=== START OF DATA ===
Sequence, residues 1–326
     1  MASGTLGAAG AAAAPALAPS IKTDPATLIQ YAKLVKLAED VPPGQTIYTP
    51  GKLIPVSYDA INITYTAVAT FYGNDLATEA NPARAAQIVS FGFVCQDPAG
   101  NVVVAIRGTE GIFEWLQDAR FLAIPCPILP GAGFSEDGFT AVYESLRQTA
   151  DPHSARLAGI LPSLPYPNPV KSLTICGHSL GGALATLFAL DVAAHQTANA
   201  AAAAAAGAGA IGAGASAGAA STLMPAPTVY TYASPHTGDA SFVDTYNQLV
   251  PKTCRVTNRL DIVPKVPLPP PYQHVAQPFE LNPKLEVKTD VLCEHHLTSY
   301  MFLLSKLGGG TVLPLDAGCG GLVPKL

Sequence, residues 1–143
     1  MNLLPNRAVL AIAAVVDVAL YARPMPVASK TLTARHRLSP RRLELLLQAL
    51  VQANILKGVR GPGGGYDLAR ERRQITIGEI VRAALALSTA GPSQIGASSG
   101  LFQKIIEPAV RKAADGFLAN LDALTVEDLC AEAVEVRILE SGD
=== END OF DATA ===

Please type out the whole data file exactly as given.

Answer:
Sequence, residues 1–326
     1  MASGTLGAAG AAAAPALAPS IKTDPATLIQ YAKLVKLAED VPPGQTIYTP
    51  GKLIPVSYDA INITYTAVAT FYGNDLATEA NPARAAQIVS FGFVCQDPAG
   101  NVVVAIRGTE GIFEWLQDAR FLAIPCPILP GAGFSEDGFT AVYESLRQTA
   151  DPHSARLAGI LPSLPYPNPV KSLTICGHSL GGALATLFAL DVAAHQTANA
   201  AAAAAAGAGA IGAGASAGAA STLMPAPTVY TYASPHTGDA SFVDTYNQLV
   251  PKTCRVTNRL DIVPKVPLPP PYQHVAQPFE LNPKLEVKTD VLCEHHLTSY
   301  MFLLSKLGGG TVLPLDAGCG GLVPKL

Sequence, residues 1–143
     1  MNLLPNRAVL AIAAVVDVAL YARPMPVASK TLTARHRLSP RRLELLLQAL
    51  VQANILKGVR GPGGGYDLAR ERRQITIGEI VRAALALSTA GPSQIGASSG
   101  LFQKIIEPAV RKAADGFLAN LDALTVEDLC AEAVEVRILE SGD